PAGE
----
“PMI is one of the world’s largest not-for-profit membership associations for the project management profession, with more than 650,000 members and credential holders in more than 185 countries.” They advocate project management as a profession and have created “globally-recognized standards and credentials, [an] extensive research program, and . . . professional development opportunities. These products and services are the basis of greater recognition and acceptance of project management’s successful role in governments, organizations, academia and industries.” 2

A Guide to the Project Management Body of Knowledge (PMBOK)

The PMBOK is the recognized standard from PMI that shares established norms, methods, and processes that constitute good practices of project managers. It is a document that has evolved through contributions of high-quality practitioners. This text defines project management as well as other important concepts, and describes the relevant processes for managing a project. It is this text that defines the content for which project managers will be held accountable in certification exams.

Project Manager Professional Certification (PMP)

The Project Manager Professional (PMP) certification is one of the most well-recognized certifications for project management. Companies increasingly require project manager applicants to have a PMP certification, thus making this certification important in applying for jobs and setting yourself apart. Those who certify as a PMP show they are educated, competent and experienced project managers. Certifying as a PMP can be done in two different ways.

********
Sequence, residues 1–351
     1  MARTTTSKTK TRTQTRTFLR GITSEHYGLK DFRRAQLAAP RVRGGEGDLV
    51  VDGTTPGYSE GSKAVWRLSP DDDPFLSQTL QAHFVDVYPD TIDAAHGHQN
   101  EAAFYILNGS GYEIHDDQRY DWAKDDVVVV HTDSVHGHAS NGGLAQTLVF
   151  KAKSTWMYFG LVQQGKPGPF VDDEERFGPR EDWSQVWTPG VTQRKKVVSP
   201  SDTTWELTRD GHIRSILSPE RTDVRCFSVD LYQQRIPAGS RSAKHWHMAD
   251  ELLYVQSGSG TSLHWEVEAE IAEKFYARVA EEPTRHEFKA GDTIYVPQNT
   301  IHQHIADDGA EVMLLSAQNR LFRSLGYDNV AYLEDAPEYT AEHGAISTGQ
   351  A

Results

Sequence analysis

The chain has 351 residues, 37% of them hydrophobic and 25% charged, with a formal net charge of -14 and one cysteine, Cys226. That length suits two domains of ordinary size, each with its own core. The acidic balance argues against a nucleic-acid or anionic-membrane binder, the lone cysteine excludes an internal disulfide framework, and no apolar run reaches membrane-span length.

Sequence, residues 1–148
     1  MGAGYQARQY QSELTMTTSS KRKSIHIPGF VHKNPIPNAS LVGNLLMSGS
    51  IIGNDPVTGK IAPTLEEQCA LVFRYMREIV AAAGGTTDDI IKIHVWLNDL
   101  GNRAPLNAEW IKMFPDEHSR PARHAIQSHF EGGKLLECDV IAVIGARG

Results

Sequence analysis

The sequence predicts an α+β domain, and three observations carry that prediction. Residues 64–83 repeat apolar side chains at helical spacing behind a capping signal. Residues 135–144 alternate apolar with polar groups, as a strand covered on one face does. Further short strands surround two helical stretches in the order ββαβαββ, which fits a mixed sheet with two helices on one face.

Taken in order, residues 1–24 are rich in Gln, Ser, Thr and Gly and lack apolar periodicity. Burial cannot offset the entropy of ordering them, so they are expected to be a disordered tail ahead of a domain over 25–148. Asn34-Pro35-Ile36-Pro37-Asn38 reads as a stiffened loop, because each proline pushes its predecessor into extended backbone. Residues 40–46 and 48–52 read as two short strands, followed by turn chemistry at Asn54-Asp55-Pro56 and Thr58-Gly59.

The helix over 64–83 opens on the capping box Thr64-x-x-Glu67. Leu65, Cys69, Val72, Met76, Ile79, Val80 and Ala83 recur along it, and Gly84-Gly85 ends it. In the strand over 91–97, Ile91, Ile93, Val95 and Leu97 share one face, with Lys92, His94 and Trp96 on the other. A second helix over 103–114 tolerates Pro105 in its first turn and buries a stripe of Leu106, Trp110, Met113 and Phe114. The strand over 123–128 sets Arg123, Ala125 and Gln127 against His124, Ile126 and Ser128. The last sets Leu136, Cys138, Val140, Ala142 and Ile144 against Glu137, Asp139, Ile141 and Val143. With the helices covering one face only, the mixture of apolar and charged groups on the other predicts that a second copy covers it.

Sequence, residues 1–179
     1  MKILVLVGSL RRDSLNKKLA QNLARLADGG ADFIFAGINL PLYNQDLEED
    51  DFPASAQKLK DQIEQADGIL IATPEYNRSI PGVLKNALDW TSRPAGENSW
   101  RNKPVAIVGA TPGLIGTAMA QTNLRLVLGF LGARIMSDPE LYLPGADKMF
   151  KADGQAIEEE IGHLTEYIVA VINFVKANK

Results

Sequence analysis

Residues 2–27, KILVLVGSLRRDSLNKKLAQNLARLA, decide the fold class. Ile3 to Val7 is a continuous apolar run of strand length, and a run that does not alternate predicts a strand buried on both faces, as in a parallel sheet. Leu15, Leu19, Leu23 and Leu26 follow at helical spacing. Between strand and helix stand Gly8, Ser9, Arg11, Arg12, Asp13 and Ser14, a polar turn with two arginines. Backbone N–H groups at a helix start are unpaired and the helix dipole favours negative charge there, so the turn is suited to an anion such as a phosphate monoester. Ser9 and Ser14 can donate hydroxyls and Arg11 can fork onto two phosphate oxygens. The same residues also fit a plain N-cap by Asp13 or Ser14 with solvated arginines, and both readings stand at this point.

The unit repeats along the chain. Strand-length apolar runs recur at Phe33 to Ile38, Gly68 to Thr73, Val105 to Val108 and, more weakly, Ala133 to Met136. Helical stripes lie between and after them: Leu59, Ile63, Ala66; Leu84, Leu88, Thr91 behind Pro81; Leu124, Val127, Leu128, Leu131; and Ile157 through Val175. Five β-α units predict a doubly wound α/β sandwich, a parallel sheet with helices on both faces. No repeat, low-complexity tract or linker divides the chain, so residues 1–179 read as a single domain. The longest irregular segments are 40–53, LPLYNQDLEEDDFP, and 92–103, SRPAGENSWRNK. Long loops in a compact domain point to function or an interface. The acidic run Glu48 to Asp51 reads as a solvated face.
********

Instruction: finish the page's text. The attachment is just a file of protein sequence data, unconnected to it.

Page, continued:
Method 1

  1. A bachelor’s degree
  2. 3 years of project management experience
  3. 4500 hours of leading projects
  4. 35 hours of project management education
  5. Pass the Test

Method 2

  1. High school degree
  2. 5 years of project management experience
  3. 7500 hours of leading projects
  4. 35 hours of project management education
  5. Pass the Test

The PMP test has 200 multiple-choice questions, 25 of the questions are experimental questions for future exams and will not count toward your final score. A passing rate is usually around 106/175 (about 61%). The PMP test is very specific and will require more effort than just reading the PMBOK book to pass the exam.3 Questions on the exam assume that the project is being managed using the principles in the PMBOK. The test further assumes that projects would operate perfectly within the parameters the book describes. Many questions will have good answers but you must be able to select the best answer. The test is focused around the Project Management Process, as described in the PMBOK. The following table breaks up the Project Management Process and shows the number of questions that are generally affiliated with that topic on the exam.

Percentage of test questions per topic

Certified Associate in Project Management (CAPM)